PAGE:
The Shrishti Eco-Research Institute (SERI) started in 1995 with the aim towards a clean environment with the help of natural technologies; eco-technologies to treat wastes. The major objective of SERI is to develop low cost, efficient, indigenous technologies based on natural and ecological principles for the river basin management. Since its creation, SERI has effectively and successfully employed pollution control technologies using eco-technological principles to treat the pollution at source.
Eco-technological treatment systems developed by SERI have been employed to treat wastewaters containing textile dyes, cyanide and toxic metals also to a satisfactory level. SERI has worked on the control of pollution and ecological designing of about 30 lakes and 10 streams/rivers all over India including Konkan, Western Maharashtra, Marathwada and Vidarbha, Andhra Pradesh, and Rajasthan.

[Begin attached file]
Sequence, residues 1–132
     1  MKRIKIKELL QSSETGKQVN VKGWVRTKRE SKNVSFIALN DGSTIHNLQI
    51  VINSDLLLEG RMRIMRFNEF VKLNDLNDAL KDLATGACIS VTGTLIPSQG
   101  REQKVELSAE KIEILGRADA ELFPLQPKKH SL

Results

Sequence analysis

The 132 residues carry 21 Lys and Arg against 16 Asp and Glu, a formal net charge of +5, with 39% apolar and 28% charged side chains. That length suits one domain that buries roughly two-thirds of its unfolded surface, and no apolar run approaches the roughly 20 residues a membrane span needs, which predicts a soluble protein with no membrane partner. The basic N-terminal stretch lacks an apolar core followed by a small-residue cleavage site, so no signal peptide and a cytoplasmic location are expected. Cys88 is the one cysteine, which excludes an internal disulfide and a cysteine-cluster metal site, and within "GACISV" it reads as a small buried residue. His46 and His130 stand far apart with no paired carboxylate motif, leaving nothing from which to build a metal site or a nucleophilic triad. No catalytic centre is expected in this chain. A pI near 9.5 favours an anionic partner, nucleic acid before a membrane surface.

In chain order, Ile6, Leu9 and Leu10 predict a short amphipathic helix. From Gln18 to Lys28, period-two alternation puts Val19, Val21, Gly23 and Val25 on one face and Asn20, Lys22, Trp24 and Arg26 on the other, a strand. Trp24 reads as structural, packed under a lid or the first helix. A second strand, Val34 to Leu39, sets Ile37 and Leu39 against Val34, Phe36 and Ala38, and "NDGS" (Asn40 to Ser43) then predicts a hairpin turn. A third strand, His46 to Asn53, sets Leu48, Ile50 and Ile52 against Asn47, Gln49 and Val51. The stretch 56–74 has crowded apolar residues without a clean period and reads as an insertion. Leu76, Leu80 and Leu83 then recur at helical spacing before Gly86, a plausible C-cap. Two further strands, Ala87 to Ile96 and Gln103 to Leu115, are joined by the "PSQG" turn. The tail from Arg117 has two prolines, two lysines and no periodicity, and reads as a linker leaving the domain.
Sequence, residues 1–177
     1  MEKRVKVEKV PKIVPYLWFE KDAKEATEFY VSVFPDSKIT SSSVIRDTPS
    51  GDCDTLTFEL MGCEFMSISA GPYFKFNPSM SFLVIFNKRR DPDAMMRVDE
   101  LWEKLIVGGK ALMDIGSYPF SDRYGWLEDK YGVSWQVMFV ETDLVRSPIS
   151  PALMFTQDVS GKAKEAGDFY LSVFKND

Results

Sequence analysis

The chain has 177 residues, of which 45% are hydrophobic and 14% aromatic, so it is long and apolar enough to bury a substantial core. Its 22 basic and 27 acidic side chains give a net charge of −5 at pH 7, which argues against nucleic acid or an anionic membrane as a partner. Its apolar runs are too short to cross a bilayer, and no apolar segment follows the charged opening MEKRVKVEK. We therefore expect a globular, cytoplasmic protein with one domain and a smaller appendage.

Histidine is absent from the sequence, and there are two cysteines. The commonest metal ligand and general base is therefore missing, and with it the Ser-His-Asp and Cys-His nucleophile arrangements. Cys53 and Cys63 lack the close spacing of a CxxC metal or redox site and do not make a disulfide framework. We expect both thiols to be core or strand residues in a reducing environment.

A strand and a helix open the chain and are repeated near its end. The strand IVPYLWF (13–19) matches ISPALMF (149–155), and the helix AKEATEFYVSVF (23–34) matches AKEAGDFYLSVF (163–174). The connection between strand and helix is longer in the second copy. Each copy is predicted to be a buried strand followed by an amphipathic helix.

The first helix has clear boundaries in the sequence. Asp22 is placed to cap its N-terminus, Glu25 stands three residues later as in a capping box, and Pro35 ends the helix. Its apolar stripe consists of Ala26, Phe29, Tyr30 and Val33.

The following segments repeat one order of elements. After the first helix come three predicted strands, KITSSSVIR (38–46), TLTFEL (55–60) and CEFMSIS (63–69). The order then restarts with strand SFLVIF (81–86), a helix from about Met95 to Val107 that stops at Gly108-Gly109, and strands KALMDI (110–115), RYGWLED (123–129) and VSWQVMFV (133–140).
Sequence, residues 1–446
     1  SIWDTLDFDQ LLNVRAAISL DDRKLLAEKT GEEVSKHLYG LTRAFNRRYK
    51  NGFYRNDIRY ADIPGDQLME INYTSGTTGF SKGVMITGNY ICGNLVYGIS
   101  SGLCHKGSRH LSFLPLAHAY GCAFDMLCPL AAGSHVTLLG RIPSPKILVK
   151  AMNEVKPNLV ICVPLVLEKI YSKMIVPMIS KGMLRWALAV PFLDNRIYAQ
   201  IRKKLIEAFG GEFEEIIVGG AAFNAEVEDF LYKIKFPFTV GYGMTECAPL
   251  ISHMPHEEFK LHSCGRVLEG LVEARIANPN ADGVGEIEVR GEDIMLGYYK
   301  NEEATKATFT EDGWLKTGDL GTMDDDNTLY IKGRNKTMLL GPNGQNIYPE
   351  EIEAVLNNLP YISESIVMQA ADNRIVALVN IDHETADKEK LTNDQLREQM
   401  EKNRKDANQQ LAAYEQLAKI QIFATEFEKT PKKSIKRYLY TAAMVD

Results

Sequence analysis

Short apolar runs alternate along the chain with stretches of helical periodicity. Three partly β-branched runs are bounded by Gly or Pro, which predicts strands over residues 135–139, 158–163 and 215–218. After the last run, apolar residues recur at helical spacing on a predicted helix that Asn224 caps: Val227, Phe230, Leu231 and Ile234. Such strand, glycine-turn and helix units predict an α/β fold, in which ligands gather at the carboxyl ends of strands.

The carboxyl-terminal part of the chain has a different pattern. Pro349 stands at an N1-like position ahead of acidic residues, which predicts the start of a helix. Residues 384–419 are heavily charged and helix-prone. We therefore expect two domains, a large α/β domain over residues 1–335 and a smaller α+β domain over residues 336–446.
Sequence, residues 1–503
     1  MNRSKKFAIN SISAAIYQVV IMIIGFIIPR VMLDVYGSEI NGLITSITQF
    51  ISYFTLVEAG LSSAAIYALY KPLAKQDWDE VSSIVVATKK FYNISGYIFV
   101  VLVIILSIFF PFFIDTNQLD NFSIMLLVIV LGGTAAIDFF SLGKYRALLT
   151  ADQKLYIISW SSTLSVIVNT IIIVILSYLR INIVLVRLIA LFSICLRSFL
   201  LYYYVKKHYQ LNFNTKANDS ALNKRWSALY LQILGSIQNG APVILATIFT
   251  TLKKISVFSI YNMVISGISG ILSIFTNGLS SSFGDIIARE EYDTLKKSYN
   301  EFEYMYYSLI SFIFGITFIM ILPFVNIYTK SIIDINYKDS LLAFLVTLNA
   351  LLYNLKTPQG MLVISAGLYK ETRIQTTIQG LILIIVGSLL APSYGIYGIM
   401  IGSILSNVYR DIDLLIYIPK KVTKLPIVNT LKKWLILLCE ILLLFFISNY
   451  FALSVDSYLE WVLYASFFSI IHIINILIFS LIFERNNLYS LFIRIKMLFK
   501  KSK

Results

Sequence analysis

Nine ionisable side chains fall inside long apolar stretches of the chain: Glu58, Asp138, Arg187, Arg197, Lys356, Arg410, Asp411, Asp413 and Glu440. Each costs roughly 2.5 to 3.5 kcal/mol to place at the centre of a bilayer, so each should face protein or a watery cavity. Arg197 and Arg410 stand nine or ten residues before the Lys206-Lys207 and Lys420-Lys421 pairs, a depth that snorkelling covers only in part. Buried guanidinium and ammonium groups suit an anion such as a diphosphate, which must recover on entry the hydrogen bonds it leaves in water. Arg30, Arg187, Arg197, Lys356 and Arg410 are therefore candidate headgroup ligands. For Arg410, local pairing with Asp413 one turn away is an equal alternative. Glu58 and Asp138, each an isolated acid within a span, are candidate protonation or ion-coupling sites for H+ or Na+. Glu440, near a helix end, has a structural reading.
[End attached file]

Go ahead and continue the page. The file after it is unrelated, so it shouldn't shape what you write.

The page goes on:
As a private small-scale institute for applied research, SERI is at the edge within science and industry and will be the leader of WP3 and will thus monitor the implementation of the NaWaTech implementation sites, including the establishment of an operation and monitoring framework and the assessment of the overall sustainability. Moreover, SERI will support ESF and seecon for the coaching and training of SMEs (WP5) and be responsible for identification of NaWaTech business opportunities. SERI will also support the research activities from WP2 (focusing on bank filtration and soil aquifer treatment). Moreover SERI will participate in the development of sustainability criteria and the assessment of high potential natural water treatment configurations (WP1). SERI will also support the activities of task 5.2 (development of technical notes) and support seecon for the development of the NaWaKit.
SERI is the leader in the development and implementation of innovative eco-hydrology technologies (e.g. green bridges; vegetation filters). SERI has revolutionised the approach to treat the waste flowing through streams and rivers and to control pollution of lakes in India. Among other it has successfully implemented the Udaipur’s Ahar River Ecological Restoration Project, where the freshwater turtles, which ran away 20 years agodue to pollution, came back within 63 days restoration activity. It has also designed the restoration project for the Noyyal River at Tiruppur (Tamil Nadu state, India) ground activities will start shortly.